Zero net Energy House

Colonial Solar House: Geothermal

The most efficient way to heat or to cool a house using electricity is with a geothermal system. Let’s first understand why.

Typically we cool our homes using electric air conditioners. An air conditioner uses a compressor to pump a fluid through tubes, and this fluid is hot when it’s outside your home and cold when it’s inside your home. By blowing air over the tubes with fans, we cool the inside of the home and transfer the heat to the outside of the home. We can feel this heat when we walk past the outside of an air conditioner in the summer. This process is less efficient when it’s hot outside, because the hot air is less able to carry heat away from the hot tubes.
In a geothermal system, the hot tubes are run underground rather than outside. In Central Illinois, the ground temperature a few meters below the surface stays a constant 55°F year-round. The cool ground easily takes the heat away from the hot tubes, making a geothermal cooling system much more efficient than any ordinary air conditioner.
For heating, we turn the process around: we take heat from the ground and transfer it into the home. Now the cold part of the tubes is in the ground, and the hot part is in the home. Since the ground is at a relatively cool 55°F, this process is not as efficient as geothermal cooling. But it is much more efficient than the simplest option for heating with electricity, which is to run the electricity through resistors which get hot. While resistive heating is 100% efficient at turning electric energy into heat energy, a high-quality geothermal system in Central Illinois can be more than 400% efficient—for each unit of electric energy consumed, four units of heat energy are produced.
Colonial Solar House has a Water Furnace 7 Series geothermal system installed by the local company Design-Air, which has been installing such systems since 1985. The Water Furnace 7 Series system has a variable-capacity compressor, which means that the compressor works only as hard as it needs to and no more. This makes it a very efficient system. I chose Design-Air because of the company’s experience installing Water Furnace systems and their enthusiasm for working on the project. They moved the project along quickly but did not cut corners. I found them a pleasure to work with, and they were always concerned about my satisfaction with the project.

The first step is to install the underground tubes called ground loops. In the case of Colonial Solar House, this was done by digging five 150-foot wells in the yard and inserting the tubing into them. I was amazed that the company was able to install the five wells and ground loops in one afternoon. A mini-excavator was then used to dig a trench to connect the wells to each other and to the house. Yes, it does disrupt the yard for a while, because it takes time for the earth to settle wherever it has been dug up, but it’s not too bad. The wells were dug in March 2013, and the trench mounds were leveled and grass replanted in September 2013.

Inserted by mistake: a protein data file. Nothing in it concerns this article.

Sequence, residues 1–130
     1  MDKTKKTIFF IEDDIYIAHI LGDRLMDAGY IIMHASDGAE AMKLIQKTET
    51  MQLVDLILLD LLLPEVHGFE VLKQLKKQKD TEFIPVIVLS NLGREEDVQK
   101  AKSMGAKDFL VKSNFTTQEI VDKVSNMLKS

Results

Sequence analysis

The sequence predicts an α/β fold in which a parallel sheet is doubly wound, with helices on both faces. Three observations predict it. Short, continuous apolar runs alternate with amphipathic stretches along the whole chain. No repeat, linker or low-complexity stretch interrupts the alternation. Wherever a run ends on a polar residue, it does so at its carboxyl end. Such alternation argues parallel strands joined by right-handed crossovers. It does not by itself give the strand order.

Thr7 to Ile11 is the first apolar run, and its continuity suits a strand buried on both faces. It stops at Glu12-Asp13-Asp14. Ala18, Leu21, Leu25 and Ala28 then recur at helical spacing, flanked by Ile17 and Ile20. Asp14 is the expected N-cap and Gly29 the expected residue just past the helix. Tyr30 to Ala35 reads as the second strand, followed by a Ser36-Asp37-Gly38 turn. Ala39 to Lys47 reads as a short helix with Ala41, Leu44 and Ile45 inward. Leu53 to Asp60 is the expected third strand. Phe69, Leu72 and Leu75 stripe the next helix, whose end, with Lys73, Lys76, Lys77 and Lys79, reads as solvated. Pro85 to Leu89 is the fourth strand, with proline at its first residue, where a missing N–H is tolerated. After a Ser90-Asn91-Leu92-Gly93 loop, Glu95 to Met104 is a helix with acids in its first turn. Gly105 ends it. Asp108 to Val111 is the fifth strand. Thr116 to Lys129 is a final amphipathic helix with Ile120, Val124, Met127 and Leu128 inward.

The five wells are dug on a snowy day in March 2013. The tubing for the ground loops can be seen coiled up on a spool. A mini-excavator was used to dig a trench to connect the wells to each other and to the house. The ground loops can be seen protruding from the trench.
The five wells are dug on a snowy day in March 2013. The tubing for the ground loops can be seen coiled up on a spool. A mini-excavator was used to dig a trench to connect the wells to each other and to the house. The ground loops can be seen protruding from the trench.

Here’s what the geothermal system looks like in our basement. The brand name Water Furnace is ironic, because it is not a furnace—nothing is being burned. The technical name for the unit is a heat pump, and if you really want to impress your friends you can call it a ground-source heat pump, which is the more technical description of a geothermal system.

The Water Furnace 7 Series heat pump, the heart of the geothermal system. Also shown are the preheat tank (gray) and the water heater (white and red), which are discussed below.
The Water Furnace 7 Series heat pump, the heart of the geothermal system. Also shown are the preheat tank (gray) and the water heater (white and red), which are discussed below.

Whether in heating or cooling mode, the compressor gets hot and needs to be cooled. Why not use that to heat water? That’s exactly what is done. There is a preheat tank (gray in the photo) that is an ordinary electric water heater, which is merely used as a water tank. Water is drawn from the bottom of this tank, run past the compressor, and returned to the top of the tank. The actual water heater (white and red in the photo) then draws the preheated water from the preheat tank and heats it up to a preset temperature (120°F). This system greatly reduces the amount of energy the water heater uses.